Down in Jungleland: Singing in the Rain

How the rain rejuvenates nature and the many lives it nurtures. Here, the summers are blazing, with everything in sight bleached white by the sun. There is dust on every surface around us.

Written by Ranjit Lal | Updated: August 5, 2018 8:27:58 am
sun, rain, nature, wild, wildlife, forest, jungle, forests of india, animals, birds, indian express, indian express news Now streaming: Monsoon changes demure streams into raging water bodies. (Source: Getty Images/Thinkstock)

As a child, I used to wonder why the writers’ of children’s books in English, went on and on about it being a “glorious sunny day,” often beginning stories with “the sun was shining brightly.” Here, in India, the sun was nearly always shining (a bit too) brightly, so what was so great about that? Only later did one realise that this obsession with sunshine arose because, in England, certainly, the weather was normally grey, drizzly and cold. Almost exactly the opposite of India.

Here, the summers are blazing, with everything in sight bleached white by the sun. There is dust, powdery or grainy, on every surface around us — and on us, too.

Then, as June arrives, you realise (especially in the northern and central parts of the country) that you’re turning into a squelchy, sweaty mess. This is the first sign that maybe change is in the air. By now, in the forests and jungles, the waterholes have shrunk to mud-pools, with lethargic animals shoving for space and a drink. The great rivers are now just cracked mosaics of baked earth.

Then, from the coasts comes the news. Vast battalions of clouds have been spotted by satellites, swirling in fury over the sea or just advancing in huge swathes. A stiff breeze precedes them. On the coasts, the waves race in and explode as they hit the rocks. Here you can watch the glowering clouds stretching across the horizon, advance menacingly. The interior regions may experience sudden stillness — as if everyone is holding their breath. The perspiration now pours down in rivulets, as the humidity goes through the roof. Not a leaf stirs in the forests and the animals just stand around the remnants of waterholes, as if turned into zombies. Broad daylight dims to twilight. Suddenly, the birds fall silent. You hear a faint roar in the distance getting louder. Often, all this is accompanied by what sounds like an artillery bombardment capable of shaking the very mountains. And then, come the heavy bullets of silver rain on the broad leaves — throwing shrapnels of cool spray all around.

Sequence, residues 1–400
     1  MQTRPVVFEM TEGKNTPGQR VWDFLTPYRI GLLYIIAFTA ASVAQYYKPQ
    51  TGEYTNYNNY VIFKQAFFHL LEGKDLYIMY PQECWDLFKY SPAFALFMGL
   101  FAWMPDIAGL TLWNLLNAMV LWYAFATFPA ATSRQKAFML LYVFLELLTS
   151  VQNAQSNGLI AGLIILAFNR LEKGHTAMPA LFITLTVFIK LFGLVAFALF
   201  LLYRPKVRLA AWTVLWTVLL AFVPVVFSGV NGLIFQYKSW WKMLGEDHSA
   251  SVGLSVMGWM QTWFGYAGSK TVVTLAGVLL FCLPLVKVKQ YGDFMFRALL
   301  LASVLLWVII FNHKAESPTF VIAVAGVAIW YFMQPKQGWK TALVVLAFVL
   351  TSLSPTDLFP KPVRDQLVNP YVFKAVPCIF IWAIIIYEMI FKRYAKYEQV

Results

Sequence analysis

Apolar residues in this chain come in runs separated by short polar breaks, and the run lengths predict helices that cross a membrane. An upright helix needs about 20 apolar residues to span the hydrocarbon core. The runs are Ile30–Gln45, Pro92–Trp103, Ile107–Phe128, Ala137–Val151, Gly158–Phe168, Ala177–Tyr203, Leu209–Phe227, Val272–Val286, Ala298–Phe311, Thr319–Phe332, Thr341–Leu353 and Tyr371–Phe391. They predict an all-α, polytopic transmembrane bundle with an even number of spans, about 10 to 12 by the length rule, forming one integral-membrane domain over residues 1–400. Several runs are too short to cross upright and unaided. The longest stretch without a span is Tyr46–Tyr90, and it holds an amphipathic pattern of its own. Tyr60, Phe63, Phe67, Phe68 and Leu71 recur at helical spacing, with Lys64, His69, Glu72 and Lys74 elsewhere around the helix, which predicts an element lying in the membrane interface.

The trees bow as if receiving a benediction, each leaf no doubt relieved to be washed of its cloak of dust. Under the trees, or out there in the open, the animals huddle quietly, listening to the pouring rain.

It’s even more mesmerising in the hills, where the clouds send wispy emissaries right into your rooms sometimes. Then the rain starts in an incessant pulsating roar. The pines and deodars just stand tall, dark and handsome, and drink it all in. Hours later, the first signs of concern arise: that happy gurgling stream at the bottom of the garden has now turned into a furious torrent.

In towns and cities the first rains are greeted more exuberantly. In Bombay, if you lived on top of say Cumballa Hill, you could hear the whole of central Bombay erupt as the first downpours started, with drums and dholaks and the raised high voices of excited children. Deep potholes appear, too, like magic scandals, wrecking suspension systems and backs.

When it stops, the huddled animals just shake silver showers off their bodies and get back to business. Birds break into songs to tell one another that they’ve survived the deluge and are still in charge of their territories. Every leaf gleams proudly, all of them freshly lacquered. A dragonfly sits quietly like a bejewelled brooch, waiting to dry off. The wet earth gives off rich aromas. If the sky clears up and the sun comes out, sharp as diamond light, you may see a vast rainbow arcing across the landscape.

Of course, there’s a price to be paid: disrupted routines, open manholes, killer potholes, along with coughs and colds, and swarms of mosquitoes. Cupboards smell of mould and shoes and belts are quickly furred over with algae. Ants and snakes invade homes looking for dry spots. In the mountains, landslides rip away roads and take entire villages down with them (but we are to blame for much of this.). Rivers go berserk, smashing bridges and spreading every which way: Kaziranga National Park goes under nearly every year. In the jungles, the great predators have it tough: with streams gushing everywhere, staking out a waterhole for an ambush doesn’t pay as well as it used to! And then, of course, the monsoon can overplay its hand: Days on end of dark, gloomy twilight, clothes that never dry, a sogginess everywhere, moss on the bathroom tiles… (one cure for this: just revel in the fragrant greenery outside!).

But sometimes, just sometimes you could actually catch yourself yearning for “a glorious, sunny day!”

Ranjit Lal is an author, environmentalist and bird watcher.

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